NEW YORK -- Supermarkets may stand to gain the most from implementing frequent-shopper programs, but they are far from the only class of trade now seeking to reap substantial benefits from understanding and targeting customers.
The ability to track shopper behavior and purchasing patterns in detail and devise highly effective marketing programs to boost sales among specific customer groups and product categories is emerging as a major strategic weapon in many retailing segments.
Neiman Marcus Stores, Dallas, for example, a high-end specialty store retailer, is certainly not a supermarket operator, but the chain's success in rolling out a comprehensive and thriving customer-loyalty program sheds additional light on how retailers are employing technology today to lure new business and hike profitability.
"Neiman Marcus has built a very detailed knowledge base about who its customer base is, and how its customer base behaves," said Mark Kingdon, partner at Coopers & Lybrand Consulting, New York. "Neiman Marcus understands on an extraordinarily detailed level who the customer is, what she wants, when she wants to buy it and how she wants to buy it."
The retailer's program, he said, relies on a multidimensional relationship database used to store and analyze customer data and purchase behavior. The database tracks information in areas such as demographics, geography, purchase records, response to promotions and total purchases made at the chain by individual customers.
"The database allows us to target key customer mailings to our customers as narrowly or broadly as we want," said Burton Tansky, Neiman Marcus's chairman and chief executive officer.
Tansky and Kingdon spoke at a workshop session here earlier this month at the annual convention of the National Retail Federation, Washington.
"For example, we can mail 1,000 special-event invitations to a group of customers, or have 200,000 Chanel catalogs inserted in our monthly 175-page coffee table catalog publication," Tansky said.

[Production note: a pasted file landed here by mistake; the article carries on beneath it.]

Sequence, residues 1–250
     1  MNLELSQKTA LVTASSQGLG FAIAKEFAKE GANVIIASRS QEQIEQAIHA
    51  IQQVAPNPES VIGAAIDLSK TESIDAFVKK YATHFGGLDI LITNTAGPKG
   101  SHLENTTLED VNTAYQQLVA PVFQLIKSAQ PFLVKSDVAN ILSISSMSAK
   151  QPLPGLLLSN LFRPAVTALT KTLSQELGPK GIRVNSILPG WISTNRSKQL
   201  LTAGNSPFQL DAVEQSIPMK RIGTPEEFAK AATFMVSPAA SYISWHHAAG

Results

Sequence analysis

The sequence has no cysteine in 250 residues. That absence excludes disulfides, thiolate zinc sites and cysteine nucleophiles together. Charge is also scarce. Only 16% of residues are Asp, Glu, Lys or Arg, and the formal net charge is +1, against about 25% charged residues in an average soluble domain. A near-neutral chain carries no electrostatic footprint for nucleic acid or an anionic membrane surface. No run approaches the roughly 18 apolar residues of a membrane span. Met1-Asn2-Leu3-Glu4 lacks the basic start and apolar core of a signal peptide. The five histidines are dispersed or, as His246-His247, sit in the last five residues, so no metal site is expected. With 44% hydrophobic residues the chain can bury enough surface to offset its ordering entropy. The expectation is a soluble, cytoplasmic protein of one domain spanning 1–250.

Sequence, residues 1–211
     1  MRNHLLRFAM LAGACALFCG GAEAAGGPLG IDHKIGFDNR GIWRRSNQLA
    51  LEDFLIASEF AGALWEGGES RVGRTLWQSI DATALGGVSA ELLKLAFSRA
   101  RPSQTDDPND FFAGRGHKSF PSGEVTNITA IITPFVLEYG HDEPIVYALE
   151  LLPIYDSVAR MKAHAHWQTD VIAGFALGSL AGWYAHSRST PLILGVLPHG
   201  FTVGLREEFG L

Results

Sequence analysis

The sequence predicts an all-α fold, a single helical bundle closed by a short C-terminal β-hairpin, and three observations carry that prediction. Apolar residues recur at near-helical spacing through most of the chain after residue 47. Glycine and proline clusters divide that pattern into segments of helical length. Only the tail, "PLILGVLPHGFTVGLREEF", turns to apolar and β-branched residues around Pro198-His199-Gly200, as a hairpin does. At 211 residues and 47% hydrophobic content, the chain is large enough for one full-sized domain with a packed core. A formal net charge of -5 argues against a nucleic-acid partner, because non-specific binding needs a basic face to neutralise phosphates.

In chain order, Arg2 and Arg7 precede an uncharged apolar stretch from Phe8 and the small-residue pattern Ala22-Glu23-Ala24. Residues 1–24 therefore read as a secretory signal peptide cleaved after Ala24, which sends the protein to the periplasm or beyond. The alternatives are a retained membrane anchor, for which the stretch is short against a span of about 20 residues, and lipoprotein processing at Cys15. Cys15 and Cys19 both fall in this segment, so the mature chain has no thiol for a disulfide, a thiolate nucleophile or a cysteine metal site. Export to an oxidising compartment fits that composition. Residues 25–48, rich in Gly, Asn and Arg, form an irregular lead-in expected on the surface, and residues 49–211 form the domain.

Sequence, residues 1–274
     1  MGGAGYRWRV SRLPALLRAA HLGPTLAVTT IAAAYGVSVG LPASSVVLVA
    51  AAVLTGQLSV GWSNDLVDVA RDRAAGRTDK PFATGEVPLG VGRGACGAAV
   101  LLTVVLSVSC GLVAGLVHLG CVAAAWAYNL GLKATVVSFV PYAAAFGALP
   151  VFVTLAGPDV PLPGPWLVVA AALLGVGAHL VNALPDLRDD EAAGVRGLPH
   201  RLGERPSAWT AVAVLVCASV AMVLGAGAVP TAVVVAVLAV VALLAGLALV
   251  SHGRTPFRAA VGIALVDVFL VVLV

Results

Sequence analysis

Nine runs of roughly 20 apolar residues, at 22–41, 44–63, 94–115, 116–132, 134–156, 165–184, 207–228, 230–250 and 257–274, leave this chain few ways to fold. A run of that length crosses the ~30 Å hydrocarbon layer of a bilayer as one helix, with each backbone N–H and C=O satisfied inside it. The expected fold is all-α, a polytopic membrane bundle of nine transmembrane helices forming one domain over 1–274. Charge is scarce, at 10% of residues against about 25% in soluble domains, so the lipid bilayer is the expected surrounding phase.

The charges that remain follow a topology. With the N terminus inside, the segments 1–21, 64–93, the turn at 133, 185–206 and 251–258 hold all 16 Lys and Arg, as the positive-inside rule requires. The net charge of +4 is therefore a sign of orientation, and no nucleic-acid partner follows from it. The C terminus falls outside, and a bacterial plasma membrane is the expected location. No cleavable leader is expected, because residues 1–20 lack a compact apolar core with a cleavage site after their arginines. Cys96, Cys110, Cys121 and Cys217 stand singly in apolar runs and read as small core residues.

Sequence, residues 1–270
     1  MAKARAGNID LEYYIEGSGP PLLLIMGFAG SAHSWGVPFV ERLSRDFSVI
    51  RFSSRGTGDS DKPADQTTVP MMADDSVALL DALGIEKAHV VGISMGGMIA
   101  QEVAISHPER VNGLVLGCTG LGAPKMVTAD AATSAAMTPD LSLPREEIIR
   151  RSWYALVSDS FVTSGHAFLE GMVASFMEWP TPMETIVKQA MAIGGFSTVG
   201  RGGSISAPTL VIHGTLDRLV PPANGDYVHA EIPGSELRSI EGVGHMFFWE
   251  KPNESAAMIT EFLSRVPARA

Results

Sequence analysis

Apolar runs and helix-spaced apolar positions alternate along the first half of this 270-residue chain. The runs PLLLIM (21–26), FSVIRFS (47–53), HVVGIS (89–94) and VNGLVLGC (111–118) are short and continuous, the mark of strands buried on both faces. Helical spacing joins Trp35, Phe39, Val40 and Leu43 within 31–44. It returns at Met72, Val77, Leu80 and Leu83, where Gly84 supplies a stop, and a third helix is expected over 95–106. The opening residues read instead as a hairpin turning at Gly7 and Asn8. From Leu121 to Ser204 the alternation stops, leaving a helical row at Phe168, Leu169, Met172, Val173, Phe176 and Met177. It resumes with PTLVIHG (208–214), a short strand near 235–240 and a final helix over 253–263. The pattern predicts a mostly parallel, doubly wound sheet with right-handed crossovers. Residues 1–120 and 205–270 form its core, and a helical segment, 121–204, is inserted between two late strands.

But that is just the beginning. Sales associates at Neiman Marcus can also now tap into an information-rich database at the point of sale to better understand individual customer preferences and shopping history.
"Our sales associates can instantly reference customer color preferences, buying patterns, children's birthdays and even help a shopper open a new Neiman Marcus account on-line in 17 seconds, including the credit check," Tansky said.
The POS system also enables associates to target customers more effectively with some suggestive selling, such as extending an invitation to attend a special event for a favorite designer, offering customers a preview of preferred merchandise or even contacting a customer in advance when a long-admired ensemble is about to go on sale, he said.
Both the multidimensional database and the POS system are playing a key role in strengthening Neiman Marcus' core customer-loyalty program -- known as In Circle. Under the program, similar to an airline frequent-flier program, customers earn one point for each dollar spent at Neiman Marcus.
After customers accumulate 3,000 points in one year, they become In Circle members, entitling them to attend, for example, private shopping parties, special speaker programs or elaborate trips to visit a rain forest in Rwanda or take a chartered Concord flight to Mardi Gras in Venice.
"Last year 1,000 'In Circlers' took trips on Neiman Marcus," said Tansky. "We even sent one member around the world for 30 days, compliments of In Circle."
Seizing another opportunity to cement customer loyalty, the retailer also launched an electronic gift certificate program called the Neiman Marcus Gift Card. The gift certificate functions like a credit card, with purchases charged against the balance automatically each time the customer uses the card.
"If a customer shops with a $200 card, the balance is automatically recalculated at the POS system each time a purchase is made," he said.
Based on the card's early success, Neiman Marcus rolled out in November 15 additional gift certificate cards, each targeting a special designer. It is also offering cards for special-occasion gift-giving opportunities.
According to Tansky, Neiman Marcus' success in driving heightened sales with its customer-loyalty offering is clearly reflected in the retailer's bottom line. "Fiscal 1996 was the most successful year in Neiman Marcus history," he said.
The chain now generates more than $2 billion in sales, with operating earnings of about $160 million.
"Our store's productivity is the highest on average in specialty retailing business, and over $400 per square foot," he said.
"Shareholder value is created when retailers understand with great intensity who the customer is, and add technology to enhance the shopping experience," said Coopers & Lybrand's Kingdon. "Neiman Marcus has done this and broken down barriers that keep consumers separated from the retailer."